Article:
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Published by Communications and Public Affairs (519) 824-4120, Ext. 56982 or 53338


News Release

September 17, 2003

U of G to host international film series

The University of Guelph is hosting a series of full-day film events at the Macdonald Stewart Art Centre to showcase independent films from Iran, Scotland, China and Canada. The first event in the "Beyond Hollywood: Spotlight on International Cinema" series is Sept. 27, with bimonthly events continuing until March. All screenings are free and open to the public.

English and theatre studies professor Paul Salmon and PhD student Debra Henderson are the organizers behind the series. Part of their mandate in film selection was to exhibit cultural and cinematic diversity within each country grouping and throughout the entire series, Salmon said. "I'm a firm believer in the capacity of cinema to accomplish cultural outreach and to bridge possible misunderstandings between cultures," said Salmon.

Henderson, who directed the 25th-anniversary events of the Toronto International Film Festival, was deputy director of the Canadian Film Centre and director of the education and training department at the American Film Institute before beginning her PhD in English, said even she has not had the opportunity to see many of the films. "A lot of these films have never been screened in southwestern Ontario, and this series is a great opportunity to see international cinema right here in Guelph."

The three Iranian films being shown Sept. 27 Salaam Cinema at 1 p.m., The Wind Will Carry Us at 3 p.m. and Smell of Camphor, Fragrance of Jasmine at 7 p.m. are festival favourites from recent years, said Salmon. The plight of women and the socio-economic and political conditions in Iran are some of the themes explored in this series.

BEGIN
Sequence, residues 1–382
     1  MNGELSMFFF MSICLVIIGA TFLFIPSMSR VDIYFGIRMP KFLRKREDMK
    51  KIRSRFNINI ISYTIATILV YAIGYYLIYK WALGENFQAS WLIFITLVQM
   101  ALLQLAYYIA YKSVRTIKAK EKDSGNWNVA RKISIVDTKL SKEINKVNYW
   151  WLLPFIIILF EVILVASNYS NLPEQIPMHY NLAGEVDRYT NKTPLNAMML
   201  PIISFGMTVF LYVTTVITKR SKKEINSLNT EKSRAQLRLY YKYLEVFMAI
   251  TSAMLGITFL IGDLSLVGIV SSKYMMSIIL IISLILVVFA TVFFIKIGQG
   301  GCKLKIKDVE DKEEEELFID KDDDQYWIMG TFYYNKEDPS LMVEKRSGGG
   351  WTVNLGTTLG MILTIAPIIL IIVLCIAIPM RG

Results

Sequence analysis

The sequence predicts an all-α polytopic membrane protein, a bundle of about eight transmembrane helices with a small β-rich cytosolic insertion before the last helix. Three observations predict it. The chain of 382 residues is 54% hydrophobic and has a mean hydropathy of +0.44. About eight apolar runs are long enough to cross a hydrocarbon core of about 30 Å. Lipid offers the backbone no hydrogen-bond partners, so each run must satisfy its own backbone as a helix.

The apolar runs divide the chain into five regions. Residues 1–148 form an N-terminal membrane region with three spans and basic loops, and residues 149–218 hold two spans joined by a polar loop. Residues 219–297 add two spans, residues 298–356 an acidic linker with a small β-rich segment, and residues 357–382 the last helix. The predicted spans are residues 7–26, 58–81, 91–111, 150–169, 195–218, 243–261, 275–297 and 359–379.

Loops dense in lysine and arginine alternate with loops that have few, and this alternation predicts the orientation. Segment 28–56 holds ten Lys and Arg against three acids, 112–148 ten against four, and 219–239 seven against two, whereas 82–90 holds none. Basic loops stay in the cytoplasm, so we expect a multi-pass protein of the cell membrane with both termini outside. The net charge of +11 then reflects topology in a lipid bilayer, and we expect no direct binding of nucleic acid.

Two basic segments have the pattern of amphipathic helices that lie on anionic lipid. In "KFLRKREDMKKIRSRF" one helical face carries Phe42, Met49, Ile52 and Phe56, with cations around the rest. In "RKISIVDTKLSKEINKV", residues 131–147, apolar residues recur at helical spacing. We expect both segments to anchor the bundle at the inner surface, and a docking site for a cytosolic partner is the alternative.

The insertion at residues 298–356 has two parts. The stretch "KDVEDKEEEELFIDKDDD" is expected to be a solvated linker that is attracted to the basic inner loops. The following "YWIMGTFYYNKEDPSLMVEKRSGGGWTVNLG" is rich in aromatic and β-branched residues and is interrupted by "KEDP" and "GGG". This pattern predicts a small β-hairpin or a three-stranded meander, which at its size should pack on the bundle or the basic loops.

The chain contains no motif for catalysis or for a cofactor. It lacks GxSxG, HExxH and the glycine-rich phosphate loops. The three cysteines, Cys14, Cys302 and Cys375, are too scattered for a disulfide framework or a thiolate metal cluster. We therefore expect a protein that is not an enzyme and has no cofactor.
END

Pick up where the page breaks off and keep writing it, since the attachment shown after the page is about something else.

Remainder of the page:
"There's no shortage of misunderstandings in the West about what goes on in Iran." he said. "We're at a time period when we need all the insight we can get on that part of the world." Besides bridging cultural misunderstandings, Salmon is eager to expose more people to Iranian film for its quality. "It's very hot international cinema. Some of the top directors are deservedly receiving the kind of acclaim that's usually reserved for the very greatest filmmakers in an era."

Salmon's own favourite Scottish film, Local Hero, will kick off the "Spotlight on Scottish Cinema" Nov. 1. He hopes this and his other two Scottish selections, Shallow Grave and Stella Does Tricks, will show how Scottish cinema distinguishes itself from British cinema.

For the Jan. 24 "Spotlight on Chinese Cinemas," Salmon says he chose films from mainland China, Taiwan and Hong Kong to show the diversity of films being made in different regions of China. Little Cheung, The River and Lan Yu will show this range of voices.

The films to be featured in the March 6 "Spotlight on Canadian Cinema" are Inertia, Parsley Days and Khaled. Although well-received at film festivals, these productions have not been widely distributed.

Program notes will be handed out with each series, and there will be time between films for discussion and breaks.


For media questions, contact Communications and Public Affairs: Lori Bona Hunt (519) 824-4120, Ext. 53338, or Rachelle Cooper, (519) 824-4120, Ext. 56982.


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